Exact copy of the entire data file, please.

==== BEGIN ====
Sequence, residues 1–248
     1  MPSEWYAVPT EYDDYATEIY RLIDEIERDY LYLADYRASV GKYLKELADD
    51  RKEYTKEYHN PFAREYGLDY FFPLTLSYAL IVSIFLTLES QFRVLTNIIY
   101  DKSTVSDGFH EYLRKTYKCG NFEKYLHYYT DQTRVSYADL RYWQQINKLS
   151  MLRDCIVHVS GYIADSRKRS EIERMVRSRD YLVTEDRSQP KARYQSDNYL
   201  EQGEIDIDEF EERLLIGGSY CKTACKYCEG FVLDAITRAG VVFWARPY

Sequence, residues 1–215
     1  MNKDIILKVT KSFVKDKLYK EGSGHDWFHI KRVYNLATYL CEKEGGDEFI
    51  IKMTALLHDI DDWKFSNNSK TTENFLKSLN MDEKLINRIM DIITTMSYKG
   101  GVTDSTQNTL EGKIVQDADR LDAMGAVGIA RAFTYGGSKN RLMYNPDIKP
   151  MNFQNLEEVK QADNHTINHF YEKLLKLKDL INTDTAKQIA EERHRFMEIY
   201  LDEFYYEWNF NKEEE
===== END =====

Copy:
Sequence, residues 1–248
     1  MPSEWYAVPT EYDDYATEIY RLIDEIERDY LYLADYRASV GKYLKELADD
    51  RKEYTKEYHN PFAREYGLDY FFPLTLSYAL IVSIFLTLES QFRVLTNIIY
   101  DKSTVSDGFH EYLRKTYKCG NFEKYLHYYT DQTRVSYADL RYWQQINKLS
   151  MLRDCIVHVS GYIADSRKRS EIERMVRSRD YLVTEDRSQP KARYQSDNYL
   201  EQGEIDIDEF EERLLIGGSY CKTACKYCEG FVLDAITRAG VVFWARPY

Sequence, residues 1–215
     1  MNKDIILKVT KSFVKDKLYK EGSGHDWFHI KRVYNLATYL CEKEGGDEFI
    51  IKMTALLHDI DDWKFSNNSK TTENFLKSLN MDEKLINRIM DIITTMSYKG
   101  GVTDSTQNTL EGKIVQDADR LDAMGAVGIA RAFTYGGSKN RLMYNPDIKP
   151  MNFQNLEEVK QADNHTINHF YEKLLKLKDL INTDTAKQIA EERHRFMEIY
   201  LDEFYYEWNF NKEEE